Are you charming?
Do you value it in others?
I do. Only when I encounter people with zero ability — or interest in trying — to charm, do I realize how much I appreciate it.
By charm, I don’t mean flattery or obsequiousness, or schmoozing or gossip or small talk, all of which I really dislike.
And charm, without underlying character and decent ethics, means nothing. But I do enjoy the company of people, of any age, who know that many of us are shy or private or perhaps feeling a little sad or depressed and make it their job to ensure we are happy in their presence. I grew up in a family of people, several of them very accustomed to public attention, who valued this ability and so I, too, have grown to value it myself.
Having said all that — a silent retreat means a blessed break from the need to talk, smile, chat, impress, charm.
I spend a lot of my time and energy making sure the people in my life are onside: friends, family, neighbors, clients, editors, colleagues.
To sit in a room, then, as we do at the retreat, mere feet away from someone — in the meditation hall or at large shared tables at breakfast — and not have to smile, nod, chat. What a relief.
There is a cultural piece to this as well.
I grew up in Canada, a more emotionally reserved nation than the U.S., a place (why?) where we all constantly being exhorted to “Have a nice day!” by people who wouldn’t pull us from a burning building. I loathe faux intimacy, and America’s confessional culture rewards it, punishing people who prefer a slower burn to the sparkly, chatty, engaging persona that marks the verbally facile and generally celebrated.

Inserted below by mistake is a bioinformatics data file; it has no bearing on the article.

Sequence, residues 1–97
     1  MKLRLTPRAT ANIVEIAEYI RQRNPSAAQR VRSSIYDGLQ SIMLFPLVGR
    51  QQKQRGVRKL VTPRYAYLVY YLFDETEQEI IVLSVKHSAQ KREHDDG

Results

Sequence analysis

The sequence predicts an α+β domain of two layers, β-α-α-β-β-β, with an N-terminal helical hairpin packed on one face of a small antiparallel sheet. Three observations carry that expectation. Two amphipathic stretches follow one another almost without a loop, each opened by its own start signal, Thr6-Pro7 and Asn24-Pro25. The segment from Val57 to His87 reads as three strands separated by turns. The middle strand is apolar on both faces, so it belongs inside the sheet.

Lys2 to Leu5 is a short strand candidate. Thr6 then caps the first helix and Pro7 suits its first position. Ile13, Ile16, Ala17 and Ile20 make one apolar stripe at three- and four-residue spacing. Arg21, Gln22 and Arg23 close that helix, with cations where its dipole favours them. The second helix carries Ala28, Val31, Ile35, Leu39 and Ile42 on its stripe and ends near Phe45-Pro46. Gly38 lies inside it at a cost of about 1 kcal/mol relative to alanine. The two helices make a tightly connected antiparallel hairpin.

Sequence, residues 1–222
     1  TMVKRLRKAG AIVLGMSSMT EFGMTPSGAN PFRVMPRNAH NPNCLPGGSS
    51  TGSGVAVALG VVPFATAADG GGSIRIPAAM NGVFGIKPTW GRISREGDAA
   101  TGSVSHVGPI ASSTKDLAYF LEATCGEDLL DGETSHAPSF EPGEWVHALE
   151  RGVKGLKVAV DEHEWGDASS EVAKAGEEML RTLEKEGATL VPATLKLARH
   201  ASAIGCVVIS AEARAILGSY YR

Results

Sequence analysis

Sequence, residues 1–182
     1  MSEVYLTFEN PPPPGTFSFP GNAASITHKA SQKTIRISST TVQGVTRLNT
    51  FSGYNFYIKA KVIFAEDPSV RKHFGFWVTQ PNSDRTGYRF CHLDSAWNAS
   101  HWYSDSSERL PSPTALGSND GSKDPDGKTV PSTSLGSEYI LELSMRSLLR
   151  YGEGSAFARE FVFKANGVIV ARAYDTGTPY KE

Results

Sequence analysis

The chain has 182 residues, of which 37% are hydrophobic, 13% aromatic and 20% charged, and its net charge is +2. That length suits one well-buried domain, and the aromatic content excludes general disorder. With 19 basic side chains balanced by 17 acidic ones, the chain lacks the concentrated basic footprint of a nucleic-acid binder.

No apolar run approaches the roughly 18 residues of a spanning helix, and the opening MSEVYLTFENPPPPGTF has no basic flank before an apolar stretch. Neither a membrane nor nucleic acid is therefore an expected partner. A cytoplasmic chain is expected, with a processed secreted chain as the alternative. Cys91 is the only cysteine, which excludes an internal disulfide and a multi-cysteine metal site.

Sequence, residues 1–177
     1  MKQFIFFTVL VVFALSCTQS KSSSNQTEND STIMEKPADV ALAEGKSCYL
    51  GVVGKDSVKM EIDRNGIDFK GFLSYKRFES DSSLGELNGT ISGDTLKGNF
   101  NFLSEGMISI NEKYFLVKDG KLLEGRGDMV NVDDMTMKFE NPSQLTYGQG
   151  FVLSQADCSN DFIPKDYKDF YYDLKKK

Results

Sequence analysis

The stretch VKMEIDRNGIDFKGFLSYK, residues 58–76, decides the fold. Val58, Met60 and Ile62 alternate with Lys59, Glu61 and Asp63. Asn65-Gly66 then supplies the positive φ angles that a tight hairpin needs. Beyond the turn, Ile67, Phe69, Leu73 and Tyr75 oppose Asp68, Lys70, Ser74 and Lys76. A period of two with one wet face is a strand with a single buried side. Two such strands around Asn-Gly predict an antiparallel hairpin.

I just don’t want to know half the things that total strangers feel somehow compelled to tell me here.
(How about you?)
Many times I’ve been chided here for being “unfriendly”, and in so doing breaking the social rules everyone else follows so obediently, when it’s never been my personal goal to be friendly. I choose my friends and intimates very carefully. I don’t need or want everyone to like me. The idea, in fact, somewhat horrifies me.
A journalist since college, I’m professionally skilled at creating brief and powerful intimacy. I love that it requires me to win the confidence of strangers, of all ages and kinds, from convicted felons to elected officials (sometimes in the same person!) But it does mean I spend an inordinate amount of time making sure they feel comfortable with me, and will share with me as much as possible in the limited amount of time we have, whether by email, phone or face to face.
To not interact, to not have to manage my facial expressions or smile to cheer someone up who appears down or reassure them I am not down myself, is a release.
I’d forgotten how private I am and how much I dislike being in large groups of people I do not know well. Remaining silent and apart is a welcome break from having to — or feeling I must — charm.